Dr Christopher Szabla, member of CCPL Board of Management, published an article “A New Foundation for Freedom of Movement in an Age of Sovereign Control: The Liberal Jurisprudence of August Wilhelm Heffter” in Law and History Review.

This article addresses how a once influential jurist addressed a potential paradox in liberal thought—between democratic control over borders and transnational rights—as it arose in the mid-nineteenth-century, amid advocacy against authoritarianism and for free trade and movement, on the one hand, and the increasing calling into question of natural law theories that may have best facilitated free movement, on the other. While scholarship has increasingly shown how the boundaries between periods of natural law and positivist hegemony are difficult to distinguish, specific tensions in the mid-nineteenth-century called for an approach that preserved free movement in light of the growing appeal of empiricism and state sovereignty. In this context, August Wilhelm Heffter proposed that states were bound by higher law as a consequence of their free decision to enter international communities: these communities’ purpose, he wrote, bred customary laws facilitating interstate interaction. Heffter’s approximation of “natural” law in a more positivist context and his use of the period’s “customary” logic helps account for his influence not only in periods of free trade and movement’s ascendancy but also the survival of forms of his thought into periods of sovereigntist reaction against them. It therefore holds potential to address what scholarship has termed today’s “liberal paradox” between democracy and migration better than approaches that emphasize a more complete return to natural law.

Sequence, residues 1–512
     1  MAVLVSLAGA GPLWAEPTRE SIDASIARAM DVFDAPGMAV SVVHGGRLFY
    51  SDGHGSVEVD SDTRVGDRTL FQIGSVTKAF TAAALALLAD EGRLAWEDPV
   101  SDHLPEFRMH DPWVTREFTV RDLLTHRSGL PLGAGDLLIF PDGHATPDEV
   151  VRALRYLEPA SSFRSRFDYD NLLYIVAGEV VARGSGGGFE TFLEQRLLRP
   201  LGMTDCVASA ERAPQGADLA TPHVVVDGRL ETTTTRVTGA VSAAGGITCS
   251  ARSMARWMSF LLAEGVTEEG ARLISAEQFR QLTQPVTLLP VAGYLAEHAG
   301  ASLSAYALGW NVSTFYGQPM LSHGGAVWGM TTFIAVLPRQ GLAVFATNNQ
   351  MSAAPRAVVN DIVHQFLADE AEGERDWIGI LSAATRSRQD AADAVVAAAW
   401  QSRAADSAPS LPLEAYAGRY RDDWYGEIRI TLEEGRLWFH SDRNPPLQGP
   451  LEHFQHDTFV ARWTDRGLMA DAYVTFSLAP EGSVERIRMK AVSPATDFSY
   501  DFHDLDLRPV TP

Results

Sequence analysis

Click here to read the article.